Very Serious with Josh Barro
Bad COVID economic predictions, with Jerusalem Demsas
In early 2020, we were told the COVID crisis was supposed to cause a housing price crash. State government budget crises. The eviction of 30 million or more Americans. A "she-cession." None of these problems came to pass -- instead, we got a rapid recovery of GDP and employment, state budgets in surplus, and a huge spurt of inflation few people expected. Why were the predictions so wrong? Jerusalem Demsas of the Atlantic talks with Josh about the factors that led the experts and the journalists to get it wrong -- and the lessons that can help us get it right next time.
Responding to the energy crisis, with Joshua D. Rhodes
The war in Ukraine has added urgency to Europe’s efforts to end its dependency on Russian natural gas. In the US, a shift toward efficiency and renewables is important for both geopolitical and environmental reasons. So, how can we do it? How much natural gas can we export to Europe? How can we reinforce our electrical grids and power them with non-carbon-emitting sources? And how can consumers play their part? Josh talks with Joshua D. Rhodes of the University of Texas about speeding the energy transition on this electrifying episode of Very Serious.
Preparing for disaster, with Juliette Kayyem
Disaster management hasn’t been a bright spot for Western governments lately. So, how can we do better? Juliette Kayyem, former assistant secretary of homeland security, says we need to “fail safer,” with more focus on mitigating the disasters that happen instead of believing we can stop them from happening at all. She joined Josh to talk about lessons of disasters, from Fukushima to COVID, as discussed in her new book, The Devil Never Sleeps.
New Risks from China, with Patrick Chovanec
It’s the other big global crisis right now: China faces a new COVID surge, and it’s responding with lockdowns that will worsen global shortages and inflation. China has other troubles, too: a bursting real estate bubble, and a geopolitical partner – Russia – that’s waging a war of choice and roiling global energy markets. With China’s economic and epidemiological successes under threat, how will Chinese leaders respond? What will that mean for the US economy? And what does the Ukraine war mean for the Russia-China partnership and China’s designs on Taiwan? Patrick Chovanec, an expert on the Chinese economy, joins Josh for a tour of the risks and opportunities in the US-China relationship at this critical time.
Ken White on defamation and Donald Trump
It’s an All the Presidents’ Lawyers reunion with Josh and attorney Ken White! Josh and Ken discuss the implosion of the Manhattan DA investigation into Donald Trump’s financial statements. Did DA Alvin Bragg lose his nerve, or was this a weak case he was wise to drop? Plus, Josh and Ken talk defamation: There’s been a lot of lying and litigation about lying lately, but most of it hasn’t amounted to much. Why did Sarah Palin lose her case against the New York Times? Why is E. Jean Carroll the most fearsome defamation plaintiff Trump has faced? And will the Supreme Court let officials “open up the libel laws”? Tune in to find out.
Global shockwaves from Ukraine, with Michael Singh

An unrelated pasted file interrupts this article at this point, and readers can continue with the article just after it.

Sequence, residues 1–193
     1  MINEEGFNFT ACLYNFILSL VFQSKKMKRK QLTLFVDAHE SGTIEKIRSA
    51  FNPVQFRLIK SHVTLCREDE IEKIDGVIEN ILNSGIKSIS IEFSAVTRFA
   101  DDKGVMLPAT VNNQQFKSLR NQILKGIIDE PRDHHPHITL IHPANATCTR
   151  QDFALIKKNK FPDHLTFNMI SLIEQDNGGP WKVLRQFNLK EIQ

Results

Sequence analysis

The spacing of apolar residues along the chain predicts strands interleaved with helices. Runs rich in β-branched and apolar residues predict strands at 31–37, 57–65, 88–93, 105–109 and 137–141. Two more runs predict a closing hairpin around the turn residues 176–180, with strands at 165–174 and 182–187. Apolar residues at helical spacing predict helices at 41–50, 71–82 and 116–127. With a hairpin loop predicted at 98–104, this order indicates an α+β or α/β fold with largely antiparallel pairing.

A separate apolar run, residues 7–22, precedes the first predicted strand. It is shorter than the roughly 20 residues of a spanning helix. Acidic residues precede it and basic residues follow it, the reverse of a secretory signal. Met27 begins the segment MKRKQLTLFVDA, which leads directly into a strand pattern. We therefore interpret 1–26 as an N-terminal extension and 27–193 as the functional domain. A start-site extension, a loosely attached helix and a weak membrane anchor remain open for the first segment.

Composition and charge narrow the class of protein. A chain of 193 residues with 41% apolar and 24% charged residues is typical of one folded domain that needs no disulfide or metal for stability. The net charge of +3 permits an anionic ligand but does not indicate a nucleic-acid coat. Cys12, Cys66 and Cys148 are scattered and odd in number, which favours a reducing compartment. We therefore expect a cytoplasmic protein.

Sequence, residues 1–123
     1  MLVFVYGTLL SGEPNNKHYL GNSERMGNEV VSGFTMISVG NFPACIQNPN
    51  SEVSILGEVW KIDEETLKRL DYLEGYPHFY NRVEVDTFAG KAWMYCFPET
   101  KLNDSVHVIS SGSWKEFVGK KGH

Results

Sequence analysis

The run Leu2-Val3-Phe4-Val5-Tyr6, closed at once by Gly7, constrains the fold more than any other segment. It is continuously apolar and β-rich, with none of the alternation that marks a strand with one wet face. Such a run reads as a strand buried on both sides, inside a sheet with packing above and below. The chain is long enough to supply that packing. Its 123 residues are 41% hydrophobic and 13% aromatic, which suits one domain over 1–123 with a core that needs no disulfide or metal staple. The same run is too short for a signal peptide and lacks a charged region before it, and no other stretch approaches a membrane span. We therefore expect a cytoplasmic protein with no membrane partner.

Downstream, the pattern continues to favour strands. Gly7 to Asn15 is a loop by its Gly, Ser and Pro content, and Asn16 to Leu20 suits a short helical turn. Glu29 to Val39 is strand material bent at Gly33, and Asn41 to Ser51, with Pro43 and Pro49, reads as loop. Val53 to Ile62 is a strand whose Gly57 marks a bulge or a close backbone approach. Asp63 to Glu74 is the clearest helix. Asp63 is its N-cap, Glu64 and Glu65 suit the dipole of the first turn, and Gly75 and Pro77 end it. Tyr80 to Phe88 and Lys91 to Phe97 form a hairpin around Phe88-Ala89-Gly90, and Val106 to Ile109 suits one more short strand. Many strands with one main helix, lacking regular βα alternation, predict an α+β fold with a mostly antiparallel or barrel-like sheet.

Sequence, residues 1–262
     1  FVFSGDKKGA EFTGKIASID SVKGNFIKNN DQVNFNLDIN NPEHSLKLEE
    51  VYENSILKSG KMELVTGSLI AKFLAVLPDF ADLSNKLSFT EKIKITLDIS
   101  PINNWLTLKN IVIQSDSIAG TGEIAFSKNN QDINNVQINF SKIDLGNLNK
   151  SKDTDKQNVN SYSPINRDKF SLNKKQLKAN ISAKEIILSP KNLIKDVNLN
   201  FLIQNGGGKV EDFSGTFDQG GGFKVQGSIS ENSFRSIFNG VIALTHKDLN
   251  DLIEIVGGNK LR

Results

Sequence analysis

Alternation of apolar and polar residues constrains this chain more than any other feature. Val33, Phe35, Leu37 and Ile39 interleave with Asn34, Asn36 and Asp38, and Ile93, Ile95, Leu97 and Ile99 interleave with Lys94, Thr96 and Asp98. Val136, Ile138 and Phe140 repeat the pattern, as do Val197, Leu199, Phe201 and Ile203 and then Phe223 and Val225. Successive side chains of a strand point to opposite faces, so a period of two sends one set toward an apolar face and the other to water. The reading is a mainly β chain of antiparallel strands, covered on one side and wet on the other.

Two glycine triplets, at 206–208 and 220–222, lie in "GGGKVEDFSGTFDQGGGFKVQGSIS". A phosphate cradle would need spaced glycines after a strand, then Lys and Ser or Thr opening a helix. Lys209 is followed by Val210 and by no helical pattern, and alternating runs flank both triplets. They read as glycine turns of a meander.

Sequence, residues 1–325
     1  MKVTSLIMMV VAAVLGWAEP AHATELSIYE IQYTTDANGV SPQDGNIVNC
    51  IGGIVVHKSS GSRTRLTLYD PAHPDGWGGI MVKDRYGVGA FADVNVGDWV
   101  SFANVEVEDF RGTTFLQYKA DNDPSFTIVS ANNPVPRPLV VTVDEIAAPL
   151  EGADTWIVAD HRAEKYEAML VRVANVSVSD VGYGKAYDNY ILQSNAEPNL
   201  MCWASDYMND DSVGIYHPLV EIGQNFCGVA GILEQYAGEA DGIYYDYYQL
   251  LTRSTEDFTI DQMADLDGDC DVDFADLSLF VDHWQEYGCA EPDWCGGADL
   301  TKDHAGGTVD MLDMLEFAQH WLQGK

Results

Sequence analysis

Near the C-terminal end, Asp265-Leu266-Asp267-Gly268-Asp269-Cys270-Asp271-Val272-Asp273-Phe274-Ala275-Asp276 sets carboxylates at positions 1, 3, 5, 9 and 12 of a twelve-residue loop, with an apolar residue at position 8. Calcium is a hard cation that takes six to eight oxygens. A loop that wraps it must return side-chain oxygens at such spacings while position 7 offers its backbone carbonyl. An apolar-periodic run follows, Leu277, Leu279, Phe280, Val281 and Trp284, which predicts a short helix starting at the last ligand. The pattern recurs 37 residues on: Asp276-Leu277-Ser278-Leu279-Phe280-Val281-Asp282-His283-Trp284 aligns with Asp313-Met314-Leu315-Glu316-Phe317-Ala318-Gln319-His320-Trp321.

From German re-armament to the Iran deal to China's eyes on Taiwan, Russia's war on Ukraine is setting off big changes around the world. What do these shifts mean for America's interests? Can we get Saudi Arabia to help with the global oil crunch? Is it time for rapprochement with Venezuela? And what will Russia's stamina for this war be if China gets impatient? Michael Singh of the Washington Institute, a former National Security Council official, takes Josh on a global tour of the ramifications and unnerving risks of this war in an especially serious episode of the Very Serious podcast.
"Won't somebody please think of the children?" with Elizabeth Bruenig and Tim Carney
Children are necessarily central to our politics. Their lives are highly regulated by the state, which ensures (among other things) that they are educated rather than employed, that they are supported by their parents or someone else if their parents are unable. The other authority in children’s lives is, of course, their parents. A liberal society is based on the idea that we butt out of each other’s decisions and let people live according to the beliefs they want, but we must make collective decisions about how the government interfaces with children – and what it will permit and require parents to do with regard to their children. How we make those decisions is at the center of many current political debates. In this episode, Josh Barro talks with The Atlantic’s Elizabeth Bruenig, author of the piece “Kids Have No Place in a Liberal Democracy,” and Tim Carney of the Washington Examiner and the American Enterprise Institute.
Improving your personality, with Olga Khazan
Personality is a key determinant of life success, and we all have opinions about other people’s personalities, but can we change our own? Olga Khazan, science writer for The Atlantic, set out to change her personality in three months – more extroverted, more agreeable, less neurotic. She talked with Josh about her experience and the psychological research into personality change – and about what life might be like if we took more control over our personalities.
Inflation, with economist Jason Furman
Inflation is the highest it’s been in decades. Why? Economist Jason Furman talks with Josh Barro about where inflation comes from, and what we've misunderstood about it in the past. Fixes to the supply chain or to COVID aren’t likely to do much about it, and Jason tells us why. Plus: what the Federal Reserve can and should do to tame inflation, and whether Congress and the Biden administration can jump in to ease economic pain, and what President Biden’s picks for the Fed are likely to do on inflation, banking and climate in years to come.